In the years before Netflix, Redbox, iTunes, Hulu, and Amazon Instant, finding and viewing movies and television shows was an event, something that people planned their day or even weekend around. For years, the most convenient way, and for many people the only way, to find and watch a film was to head down to the local Blockbuster and rent the film for a period of time. An entire system was set up to establish rental times and late fees for movies not returned on time. If you knew that you wanted to watch a film, you drove down to Blockbuster, rented the film, maybe picked up some snacks, and drove the movie or movies home. You had to keep track of the film, and make sure that you returned it to the store before the rental time was up. It was an entirely different form of media access than people are used to today.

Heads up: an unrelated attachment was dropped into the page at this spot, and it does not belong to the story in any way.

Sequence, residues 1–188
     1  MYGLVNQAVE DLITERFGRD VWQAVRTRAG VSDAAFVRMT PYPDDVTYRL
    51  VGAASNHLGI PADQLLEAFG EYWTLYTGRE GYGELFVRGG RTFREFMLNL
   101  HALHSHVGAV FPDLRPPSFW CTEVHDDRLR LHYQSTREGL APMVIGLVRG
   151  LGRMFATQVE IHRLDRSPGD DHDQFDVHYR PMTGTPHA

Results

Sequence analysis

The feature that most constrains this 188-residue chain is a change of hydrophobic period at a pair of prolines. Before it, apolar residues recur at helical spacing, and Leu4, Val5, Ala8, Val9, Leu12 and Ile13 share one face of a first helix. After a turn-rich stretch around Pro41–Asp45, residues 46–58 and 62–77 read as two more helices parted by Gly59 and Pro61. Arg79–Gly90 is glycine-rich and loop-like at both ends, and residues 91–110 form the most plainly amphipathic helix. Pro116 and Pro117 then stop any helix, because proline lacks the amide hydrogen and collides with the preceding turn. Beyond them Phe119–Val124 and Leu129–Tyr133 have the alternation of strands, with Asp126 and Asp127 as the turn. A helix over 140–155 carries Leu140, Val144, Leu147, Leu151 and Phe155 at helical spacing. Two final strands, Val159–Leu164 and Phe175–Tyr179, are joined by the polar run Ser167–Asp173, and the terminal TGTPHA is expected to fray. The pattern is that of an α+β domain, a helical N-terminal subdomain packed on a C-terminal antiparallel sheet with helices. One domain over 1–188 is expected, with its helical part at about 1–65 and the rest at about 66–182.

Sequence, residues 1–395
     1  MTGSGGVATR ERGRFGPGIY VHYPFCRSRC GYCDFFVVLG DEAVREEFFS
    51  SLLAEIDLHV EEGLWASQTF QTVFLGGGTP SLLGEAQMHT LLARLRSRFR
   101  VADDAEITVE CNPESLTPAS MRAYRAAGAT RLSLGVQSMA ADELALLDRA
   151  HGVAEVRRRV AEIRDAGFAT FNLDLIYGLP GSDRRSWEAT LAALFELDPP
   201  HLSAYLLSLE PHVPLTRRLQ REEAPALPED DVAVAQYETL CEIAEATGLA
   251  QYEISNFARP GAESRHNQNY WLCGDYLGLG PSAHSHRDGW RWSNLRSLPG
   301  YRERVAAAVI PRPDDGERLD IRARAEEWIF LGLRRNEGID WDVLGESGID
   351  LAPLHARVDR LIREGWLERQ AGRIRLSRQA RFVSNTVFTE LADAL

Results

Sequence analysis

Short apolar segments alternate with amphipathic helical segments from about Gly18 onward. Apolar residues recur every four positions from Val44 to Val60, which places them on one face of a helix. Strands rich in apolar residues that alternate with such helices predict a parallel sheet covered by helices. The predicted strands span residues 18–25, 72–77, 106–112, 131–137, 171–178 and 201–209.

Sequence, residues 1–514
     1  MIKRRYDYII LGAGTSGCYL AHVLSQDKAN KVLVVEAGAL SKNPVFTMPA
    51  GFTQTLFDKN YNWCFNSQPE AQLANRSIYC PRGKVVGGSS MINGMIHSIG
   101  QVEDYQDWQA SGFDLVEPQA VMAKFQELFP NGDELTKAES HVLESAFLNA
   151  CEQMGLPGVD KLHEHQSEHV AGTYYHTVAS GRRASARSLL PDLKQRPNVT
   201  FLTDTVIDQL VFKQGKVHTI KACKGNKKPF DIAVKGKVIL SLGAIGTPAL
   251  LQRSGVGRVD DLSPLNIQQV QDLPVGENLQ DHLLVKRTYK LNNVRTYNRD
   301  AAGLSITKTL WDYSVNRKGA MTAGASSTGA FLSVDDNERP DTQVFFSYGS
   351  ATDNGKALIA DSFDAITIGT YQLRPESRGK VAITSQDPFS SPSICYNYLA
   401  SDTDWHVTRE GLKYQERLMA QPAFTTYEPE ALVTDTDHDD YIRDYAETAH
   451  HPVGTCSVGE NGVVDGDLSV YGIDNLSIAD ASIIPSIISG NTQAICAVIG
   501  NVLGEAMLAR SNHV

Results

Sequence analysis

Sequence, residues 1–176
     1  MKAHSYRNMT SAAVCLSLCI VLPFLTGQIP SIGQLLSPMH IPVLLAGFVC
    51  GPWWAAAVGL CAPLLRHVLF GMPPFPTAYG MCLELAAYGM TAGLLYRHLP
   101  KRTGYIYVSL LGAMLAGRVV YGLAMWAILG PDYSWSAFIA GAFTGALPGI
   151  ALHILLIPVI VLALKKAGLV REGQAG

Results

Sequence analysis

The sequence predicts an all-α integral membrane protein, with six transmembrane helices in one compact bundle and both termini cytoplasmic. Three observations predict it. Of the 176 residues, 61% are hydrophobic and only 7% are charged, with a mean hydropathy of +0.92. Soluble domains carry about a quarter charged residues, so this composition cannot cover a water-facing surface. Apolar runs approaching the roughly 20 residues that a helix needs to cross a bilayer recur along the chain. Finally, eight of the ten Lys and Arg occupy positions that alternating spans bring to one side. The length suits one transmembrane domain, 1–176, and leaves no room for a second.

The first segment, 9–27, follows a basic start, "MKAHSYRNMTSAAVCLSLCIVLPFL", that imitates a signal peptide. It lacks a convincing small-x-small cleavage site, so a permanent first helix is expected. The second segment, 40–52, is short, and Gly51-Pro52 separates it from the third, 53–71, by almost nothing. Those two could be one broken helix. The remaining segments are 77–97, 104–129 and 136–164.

With services today such as Netflix, consumers can find hundreds of films instantly to watch without leaving their homes or paying any late fees. Blockbuster struggled to stay relevant the last few years, but it was clear that driving to a store for a physical copy of a handful of films was outdated, and people have already adapted to a culture of immediate and almost complete access of media. Blockbuster recently closed its last three hundred stores, thus ending an era of physical media. For years Blockbuster sat at the top of film and television for the masses, but today its doors are closed.